Review by Morgiana P. Halley
"A Sir John Fielding Mystery".
The action takes place in England in 1769, mostly in the city of London. The “star” character is Sir John Fielding, a blind judge, but the story is written in the first person by one Jeremy Procter, an adolescent boy rescued from a life of Oliver Twist-ish crime by the judge and now living in his home and serving as his “guide dog” and sometime amanuensis.
The story revolves around the death at sea of the captain of HMS Adventure and the prosecution (by court martial) of one Lt. Landon for his murder. Although it is obvious that the narrator, Jeremy, is no seaman, Fielding's stepson is a member of the crew of Adventure and Fielding himself was blinded whilst serving in the Royal Navy.
Much of the book's concern is that courts martial did not address all the facts of their cases (in an effort to keep the Navy looking good) and were less fair than civil courts. It is evident from the outset that Landon is innocent, but he is eventually hanged for a murder he did not commit.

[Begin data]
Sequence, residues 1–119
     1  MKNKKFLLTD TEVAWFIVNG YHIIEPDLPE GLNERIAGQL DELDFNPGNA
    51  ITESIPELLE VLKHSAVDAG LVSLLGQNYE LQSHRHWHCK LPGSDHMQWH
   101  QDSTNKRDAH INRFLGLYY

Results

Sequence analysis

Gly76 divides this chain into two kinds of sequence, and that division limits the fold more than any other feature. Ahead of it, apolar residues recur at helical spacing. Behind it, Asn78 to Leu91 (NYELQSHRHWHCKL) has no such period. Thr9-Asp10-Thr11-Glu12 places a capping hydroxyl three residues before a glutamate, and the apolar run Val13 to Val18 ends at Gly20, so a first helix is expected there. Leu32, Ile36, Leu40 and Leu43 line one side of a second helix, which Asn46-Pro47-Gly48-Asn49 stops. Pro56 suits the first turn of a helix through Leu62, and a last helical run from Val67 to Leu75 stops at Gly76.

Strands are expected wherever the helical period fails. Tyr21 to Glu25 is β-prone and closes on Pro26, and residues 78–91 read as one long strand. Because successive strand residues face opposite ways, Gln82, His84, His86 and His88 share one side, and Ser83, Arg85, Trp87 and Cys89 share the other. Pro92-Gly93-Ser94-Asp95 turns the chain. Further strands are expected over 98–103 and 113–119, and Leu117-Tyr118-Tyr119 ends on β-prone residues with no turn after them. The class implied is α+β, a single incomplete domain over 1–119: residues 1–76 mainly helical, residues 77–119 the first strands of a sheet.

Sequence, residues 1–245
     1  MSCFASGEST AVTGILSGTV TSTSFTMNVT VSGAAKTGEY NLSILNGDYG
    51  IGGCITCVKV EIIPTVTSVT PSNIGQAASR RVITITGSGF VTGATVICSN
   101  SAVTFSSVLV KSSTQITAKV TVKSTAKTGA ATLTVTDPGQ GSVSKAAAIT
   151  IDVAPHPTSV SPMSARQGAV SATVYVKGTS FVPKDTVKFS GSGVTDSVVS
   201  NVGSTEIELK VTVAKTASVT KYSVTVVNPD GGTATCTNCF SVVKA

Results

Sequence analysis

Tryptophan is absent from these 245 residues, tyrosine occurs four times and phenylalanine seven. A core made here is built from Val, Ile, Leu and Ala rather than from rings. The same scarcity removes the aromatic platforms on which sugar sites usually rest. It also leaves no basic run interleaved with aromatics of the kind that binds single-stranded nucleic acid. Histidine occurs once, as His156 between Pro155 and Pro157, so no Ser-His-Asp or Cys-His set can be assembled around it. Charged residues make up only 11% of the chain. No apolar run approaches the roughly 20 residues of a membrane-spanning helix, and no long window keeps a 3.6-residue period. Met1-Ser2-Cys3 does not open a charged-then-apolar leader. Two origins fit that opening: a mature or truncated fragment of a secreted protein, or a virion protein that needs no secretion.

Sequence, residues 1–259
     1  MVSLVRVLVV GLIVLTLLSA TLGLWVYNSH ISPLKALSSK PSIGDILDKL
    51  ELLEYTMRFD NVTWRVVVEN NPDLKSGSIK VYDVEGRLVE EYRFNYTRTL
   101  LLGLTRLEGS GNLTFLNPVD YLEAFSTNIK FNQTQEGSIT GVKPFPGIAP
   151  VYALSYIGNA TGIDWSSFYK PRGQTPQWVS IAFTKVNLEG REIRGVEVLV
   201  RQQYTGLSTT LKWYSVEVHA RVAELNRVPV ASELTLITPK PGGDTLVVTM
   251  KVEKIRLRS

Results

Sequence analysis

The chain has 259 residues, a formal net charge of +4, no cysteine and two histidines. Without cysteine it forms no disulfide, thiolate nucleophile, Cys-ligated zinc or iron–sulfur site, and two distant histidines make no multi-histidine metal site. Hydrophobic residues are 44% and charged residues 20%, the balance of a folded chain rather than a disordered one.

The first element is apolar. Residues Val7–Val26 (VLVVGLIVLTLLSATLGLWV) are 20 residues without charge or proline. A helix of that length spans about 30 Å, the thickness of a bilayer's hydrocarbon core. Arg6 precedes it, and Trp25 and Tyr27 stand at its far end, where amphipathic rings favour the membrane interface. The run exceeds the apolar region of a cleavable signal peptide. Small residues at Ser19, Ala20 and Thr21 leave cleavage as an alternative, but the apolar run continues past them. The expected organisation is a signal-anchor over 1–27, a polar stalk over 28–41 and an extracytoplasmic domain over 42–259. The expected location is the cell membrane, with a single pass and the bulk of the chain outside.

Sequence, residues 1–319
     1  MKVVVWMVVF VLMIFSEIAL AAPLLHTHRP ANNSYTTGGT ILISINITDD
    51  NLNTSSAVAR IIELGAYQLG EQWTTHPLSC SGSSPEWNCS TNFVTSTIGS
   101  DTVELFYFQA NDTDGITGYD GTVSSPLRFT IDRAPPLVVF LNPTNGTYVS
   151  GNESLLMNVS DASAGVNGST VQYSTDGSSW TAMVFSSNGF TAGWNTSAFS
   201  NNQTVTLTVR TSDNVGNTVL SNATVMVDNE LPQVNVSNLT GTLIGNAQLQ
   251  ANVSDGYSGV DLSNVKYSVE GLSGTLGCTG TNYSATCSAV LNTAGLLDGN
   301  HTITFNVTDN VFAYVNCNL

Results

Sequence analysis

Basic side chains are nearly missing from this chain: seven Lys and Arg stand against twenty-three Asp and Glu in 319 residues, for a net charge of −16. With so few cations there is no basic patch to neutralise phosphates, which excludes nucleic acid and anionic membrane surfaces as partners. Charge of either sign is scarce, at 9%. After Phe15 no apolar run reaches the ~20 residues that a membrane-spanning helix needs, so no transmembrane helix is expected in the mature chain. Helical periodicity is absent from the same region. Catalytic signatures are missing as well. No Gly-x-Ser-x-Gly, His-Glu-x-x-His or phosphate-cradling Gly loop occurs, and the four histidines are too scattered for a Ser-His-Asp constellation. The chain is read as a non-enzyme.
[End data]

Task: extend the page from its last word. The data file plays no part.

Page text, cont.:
The book is framed in the sort of style and language made popular in the novels of Dickens and Trollope, and is thus hard to navigate. Very little of actual interest to the maritime fiction lover is to be found in the text, although there are many colourful characters and the world of Covent Garden and the Docklands of London are vividly portrayed. A press gang even picks up young Jeremy at one point, and he has to be rescued.
Probably the most annoying repeated flaw in the text is the author's habit of referring to naval vessels as "the" HMS Whatsit. It's not a bad read (although the stylistic conceit makes it heavy going sometimes) as a picture of the times and customs, but has little to recommend it as nautical fiction.
Copyright © 1997 by
Morgiana P. Halley
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